As a result of Jewish settlement policy, gradually a majority of the population of the whole of the Galilee became Jewish, though only by a small ratio. The 1976 plan was designed to increase that ratio. Before the Six Day War, over 200 Jewish settlements had been created in the Galilee spurred by infrastructure development, tax breaks and subsidized mortgages.    

The policy was both a success and a failure. The majority of the Galilee became Jewish but the heart of the Galilee remained over 70% Palestinian. When Israel captured the West Bank, the program of Judaization simply extended into the West Bank to begin the process of what came to be called “creeping annexation.” The term Judaization had been dropped following the Second Intifada. As opportunities were made available for Jewish settlements, restrictions on building permits and planning of new neighbourhoods meant an exodus of the Arab population before the Six Day War from increasingly Jewish parts of what had previously been Arab majoritarian areas and after the Six Day War the same pattern followed in the West Bank.

Thus, in Area C of the West Bank that has been under Israeli official military and political control since the Oslo Agreement was signed, about half of Area C has become a majority Jewish area as a result of the settlements. There has also been an exodus of the Palestinian population from these areas.

However, there has been another conflict developed over the years within the Jewish community, a majoritarian drive for the creation of strictly Jewish new settlements and an effort by NGOs in Israel to promote integration and the development opportunities for Palestinian residents. What is clear is that, just as in Israel proper where the integrationists have lost out to the Jewish-firsters, this pattern has extended into the West Bank even as some municipalities, as had been the case in Israel proper, adopted a policy of cooperation and even partnerships with local Arab communities.

This is just to say that the policies in the West Bank have been continuations of the policies adopted in Israel proper before the Six Say War and the capture of the West Bank. On the 45th anniversary of Land Day, the IDF quelled a protest in the town of Sebastia, north of Nablus in the West Bank. Tear gas and stun grenades were used.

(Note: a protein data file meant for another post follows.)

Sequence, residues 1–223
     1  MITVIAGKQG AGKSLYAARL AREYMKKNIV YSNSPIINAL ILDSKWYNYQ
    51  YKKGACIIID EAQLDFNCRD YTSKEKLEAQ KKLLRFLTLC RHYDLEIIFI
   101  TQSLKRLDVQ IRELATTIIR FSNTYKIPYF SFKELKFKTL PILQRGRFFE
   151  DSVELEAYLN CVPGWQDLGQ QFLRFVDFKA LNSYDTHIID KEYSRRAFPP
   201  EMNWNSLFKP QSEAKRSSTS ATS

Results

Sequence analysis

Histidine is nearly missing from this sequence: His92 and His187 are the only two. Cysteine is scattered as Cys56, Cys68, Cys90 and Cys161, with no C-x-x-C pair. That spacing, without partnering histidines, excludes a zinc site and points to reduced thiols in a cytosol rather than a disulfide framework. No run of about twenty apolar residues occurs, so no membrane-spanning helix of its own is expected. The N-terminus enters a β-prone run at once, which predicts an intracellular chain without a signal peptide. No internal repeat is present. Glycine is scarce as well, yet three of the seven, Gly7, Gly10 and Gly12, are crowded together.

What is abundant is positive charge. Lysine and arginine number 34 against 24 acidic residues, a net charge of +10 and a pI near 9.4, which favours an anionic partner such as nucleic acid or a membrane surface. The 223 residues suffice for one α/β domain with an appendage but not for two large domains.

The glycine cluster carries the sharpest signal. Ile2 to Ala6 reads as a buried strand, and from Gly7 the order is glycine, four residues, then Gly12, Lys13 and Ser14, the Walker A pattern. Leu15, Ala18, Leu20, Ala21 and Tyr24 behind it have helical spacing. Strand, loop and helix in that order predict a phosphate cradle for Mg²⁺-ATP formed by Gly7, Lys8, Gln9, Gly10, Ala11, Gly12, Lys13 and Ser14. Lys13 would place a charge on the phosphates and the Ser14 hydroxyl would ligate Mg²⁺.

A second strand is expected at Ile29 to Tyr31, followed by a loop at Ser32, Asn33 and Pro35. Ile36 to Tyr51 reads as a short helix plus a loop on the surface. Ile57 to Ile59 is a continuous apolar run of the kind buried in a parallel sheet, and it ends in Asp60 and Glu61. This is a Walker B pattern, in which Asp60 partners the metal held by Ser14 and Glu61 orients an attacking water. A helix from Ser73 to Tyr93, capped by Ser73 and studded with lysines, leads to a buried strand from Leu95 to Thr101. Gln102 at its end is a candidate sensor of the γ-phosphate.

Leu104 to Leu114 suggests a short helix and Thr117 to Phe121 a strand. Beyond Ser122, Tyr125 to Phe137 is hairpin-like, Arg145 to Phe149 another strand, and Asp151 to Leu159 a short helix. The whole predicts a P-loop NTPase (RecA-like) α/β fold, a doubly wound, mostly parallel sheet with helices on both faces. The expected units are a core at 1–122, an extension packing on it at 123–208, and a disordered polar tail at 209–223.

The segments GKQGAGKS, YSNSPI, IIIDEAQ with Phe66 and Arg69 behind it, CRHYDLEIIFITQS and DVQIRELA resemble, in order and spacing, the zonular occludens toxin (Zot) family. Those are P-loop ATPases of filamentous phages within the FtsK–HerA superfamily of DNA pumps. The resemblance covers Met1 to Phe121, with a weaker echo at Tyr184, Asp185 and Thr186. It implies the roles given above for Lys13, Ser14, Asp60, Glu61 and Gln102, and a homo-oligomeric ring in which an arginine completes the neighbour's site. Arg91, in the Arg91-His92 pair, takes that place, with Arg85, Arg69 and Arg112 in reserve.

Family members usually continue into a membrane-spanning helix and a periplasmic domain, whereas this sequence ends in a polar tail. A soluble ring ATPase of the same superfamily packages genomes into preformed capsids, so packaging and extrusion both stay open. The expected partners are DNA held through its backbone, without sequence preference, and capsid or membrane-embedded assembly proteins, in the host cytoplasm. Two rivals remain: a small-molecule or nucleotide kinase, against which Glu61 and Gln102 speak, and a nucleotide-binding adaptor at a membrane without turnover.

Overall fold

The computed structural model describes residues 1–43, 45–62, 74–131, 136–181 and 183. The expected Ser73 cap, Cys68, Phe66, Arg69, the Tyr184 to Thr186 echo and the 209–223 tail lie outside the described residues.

In the United Nations Special Committee on Palestine, UNSCOP had recommended that 43% of the portion of British Mandatory Palestine, after Jordan had been carved away, be allocated to the Jewish state even though Jews only constituted 55% of the population in that territory. UN Resolution 181 accepted the principle of partition and the allocation of disproportionate allocation of the land to the Jews to accommodate the Jewish refugees from Europe. After the War of Independence and the 1949 Armistice Agreement, 78% of Mandatory Palestine was left in the hands of the Jewish majority and 22% of that area was seen as the territory for a prospective independent Palestinian state.

In the Oslo Accords, 60% of the West Bank (constituting 22% of the original Mandatory Palestine) had been allocated to the military and administrative control of Israel. In the 2020 Trump peace plan, it was proposed that approximately 50% of Area C be annexed to Israel, that is areas where Jewish settlements had created a majoritarian Jewish population. Palestinians would be left with roughly 15 % of the original British mandate for a state of their own or, more likely given the politics, an autonomous political entity with limited sovereignty.

That is why in the marking of Land Day in 2021 this past week, Palestinians have charged Israel with having laid hand to 85% of the lands of historical Palestine – that is, with Jordan cut away, even though Jews owned less than 7% of that land in 1947. From the Palestinian perspective, the pattern of Jewish encroachment on Arab land has been continuous. From the Israeli perspective, unlike the Arabs who rejected not only the majority but the minority UNSCOP Report, the Jews had always accepted the principle of partition only to meet with armed resistance. The result has been victory after victory for the Jewish Israelis with the land allocated to a prospective self-governing Palestinian political entity shrinking at each stage.

Land Day is commemorated to remind Palestinians that what has happened to Palestinians within Israel proper – that is, land expropriated, building permits held in effective permanent abeyance, Bedouin villages declared illegal and torn down = is but standard Israeli policy extended to the West Bank. In 2019, Israel initiated legal proceedings to evict 500 Bedouin from the unrecognized village of Ras Jrabah in the Negev to make room for the expansion of the majoritarian Jewish town of Dimona. (Of the 34,000 population, 31,000 are Jews.)